So I didn't have to worry that the software could be like that in the Toyotas that may have suffered unintended acceleration. There has been no resolution on whether the software caused the issue. The evidence of software guru Michael Barr was so damning that, while he couldn't say that the software caused the incident, he had the Toyota lawyers worried. Add to this the way in which the opposing legal team were being successful in throwing dust into the eyes of the jury and sowing doubt into their minds, and it is clear why Toyota settled out of court.
To Grandma's PCB We Go
This week’s Fish Fry is all about your next PCB design. From power integrity to mixed-signal place and route, from Gerber files to schematics, from output pins over the FR4 and through the vias, to grandma’s house we go. My first guest this week is Greg Lebsack from Tanner EDA, and we discuss why you want a digital place and route tool, integrating ye ol’ analog into your next design, and what Tanner EDA brings to the mixed-signal party. Next up, we bring in Hemant Shah from Cadence Design Systems to chat about one of the biggest pain points of PCB design: the hand off to manufacturing. Hemant and I investigate a rapidly expanding industry consortium that is hoping to change all of that awful file hand off once and for all.
Mentor Elevates PCB Game
For decades, the PCB design tools competition has been a board game. The scope of the problem was the design of a single PCB, and the competitors - Mentor, Cadence, Zuken, Altium/Protel, and the rest - all battled for supremacy with the scope, features, power, and cost of their solutions. The market for board tools actually got a little boring for years, with the major players competing mainly on cost and incumbency in the high-end (enterprise) level and in the low-cost (desktop) markets.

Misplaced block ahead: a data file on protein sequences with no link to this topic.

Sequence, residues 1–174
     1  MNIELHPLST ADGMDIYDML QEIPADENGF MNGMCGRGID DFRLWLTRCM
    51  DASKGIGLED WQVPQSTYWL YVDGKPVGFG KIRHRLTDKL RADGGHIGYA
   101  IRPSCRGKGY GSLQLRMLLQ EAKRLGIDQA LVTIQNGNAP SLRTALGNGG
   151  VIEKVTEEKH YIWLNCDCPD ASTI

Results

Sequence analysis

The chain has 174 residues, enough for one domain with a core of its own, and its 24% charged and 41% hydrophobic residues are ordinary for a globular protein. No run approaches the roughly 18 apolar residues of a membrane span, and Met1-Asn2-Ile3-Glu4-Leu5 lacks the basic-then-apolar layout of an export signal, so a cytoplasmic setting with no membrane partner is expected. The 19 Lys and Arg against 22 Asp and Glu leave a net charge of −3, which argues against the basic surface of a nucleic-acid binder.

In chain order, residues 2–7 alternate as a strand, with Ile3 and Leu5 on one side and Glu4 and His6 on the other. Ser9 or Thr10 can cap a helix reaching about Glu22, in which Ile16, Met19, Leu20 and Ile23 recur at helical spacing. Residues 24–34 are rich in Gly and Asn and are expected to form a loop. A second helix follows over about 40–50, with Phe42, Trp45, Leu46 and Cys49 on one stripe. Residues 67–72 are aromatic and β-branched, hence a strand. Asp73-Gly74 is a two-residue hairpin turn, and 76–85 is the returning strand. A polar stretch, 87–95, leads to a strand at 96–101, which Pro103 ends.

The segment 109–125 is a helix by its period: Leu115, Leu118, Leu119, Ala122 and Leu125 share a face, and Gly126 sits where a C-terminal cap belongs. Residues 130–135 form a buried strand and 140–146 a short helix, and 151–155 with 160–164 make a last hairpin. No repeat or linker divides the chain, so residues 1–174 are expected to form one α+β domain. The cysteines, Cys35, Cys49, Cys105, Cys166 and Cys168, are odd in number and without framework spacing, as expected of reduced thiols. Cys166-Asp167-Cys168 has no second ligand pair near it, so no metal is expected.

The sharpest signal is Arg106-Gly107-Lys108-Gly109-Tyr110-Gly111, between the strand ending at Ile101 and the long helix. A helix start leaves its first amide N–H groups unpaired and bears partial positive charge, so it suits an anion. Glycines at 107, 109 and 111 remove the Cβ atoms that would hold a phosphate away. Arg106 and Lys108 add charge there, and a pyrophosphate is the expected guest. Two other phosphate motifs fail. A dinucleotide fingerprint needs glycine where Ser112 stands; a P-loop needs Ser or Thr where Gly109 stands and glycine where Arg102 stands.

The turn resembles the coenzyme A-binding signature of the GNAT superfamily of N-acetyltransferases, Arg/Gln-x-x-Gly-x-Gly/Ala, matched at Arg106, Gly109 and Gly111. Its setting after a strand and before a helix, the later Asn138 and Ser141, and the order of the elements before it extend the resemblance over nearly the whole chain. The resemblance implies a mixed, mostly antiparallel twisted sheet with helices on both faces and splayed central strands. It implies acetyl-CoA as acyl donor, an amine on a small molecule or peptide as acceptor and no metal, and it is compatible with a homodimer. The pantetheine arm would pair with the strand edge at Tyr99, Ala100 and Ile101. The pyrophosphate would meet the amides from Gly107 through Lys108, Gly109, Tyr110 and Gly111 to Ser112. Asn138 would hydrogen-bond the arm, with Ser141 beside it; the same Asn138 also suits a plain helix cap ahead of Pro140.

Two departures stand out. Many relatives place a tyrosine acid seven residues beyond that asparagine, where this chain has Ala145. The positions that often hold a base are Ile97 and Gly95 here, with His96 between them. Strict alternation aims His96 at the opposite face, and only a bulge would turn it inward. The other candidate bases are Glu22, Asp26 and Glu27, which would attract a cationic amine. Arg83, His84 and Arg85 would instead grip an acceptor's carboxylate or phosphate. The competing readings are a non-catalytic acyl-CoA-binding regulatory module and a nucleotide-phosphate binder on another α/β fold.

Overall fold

In the past few years, however, the battle has been heating up again. Demands on even “ordinary” board design have grown, as signal- and power-integrity became common problems with higher speed components, and IC packaging and mounting technology caused new challenges for layout. As a result, “desktop” tools began to inherit many of the features associated with “enterprise” tools. Enterprise design tool suites had to once again scramble to differentiate themselves and justify their significantly higher costs.
From Artisan to Arduino at World Maker Faire
We walk past a small booth at the 2014 World Maker Faire, and a young boy, perhaps eight or nine years old, jumps out to get our attention. He is so excited we can barely understand what he is saying. He wants us to see his sneakers - adorned with an array of LEDs giving a high-energy light show that would make any grade-schooler envious. He explains that he programmed the lights himself. He is ecstatic, and his enthusiasm radiates into the crowd. “Can I sign you up? Can I sign you up?” He pulls up a registration form on a laptop computer. We have no idea what he wants us to sign up for.
A look inside the sneakers reveals an Arduino board with its obligatory Atmel AVR microcontroller. Sitting on the table nearby is another laptop - running a kid-friendly drag-and-drop programming interface that allows kids to write code to create their own shoe-wear lighting spectacular. You want blinky shoes? You gotta program them first. It’s gonna be FUN!
Ecosystem for Interposer-based Design?
We’ve talked a lot lately in these pages about the impending demise of Moore’s Law. Consensus is that, somewhere around the half-century mark, one of the most astounding prophecies in human history will have finally run its course. Next year, we’ll have a round of FinFET devices that will be so exotic and expensive that only a handful of companies will be able to use them. In the decade that follows, we may or may not reach 10nm and 7nm production - using either esoteric unlikelies like EUV or extreme-brute-force multi-patterning techniques - to solve just some of the multitude of barriers to continued downscaling.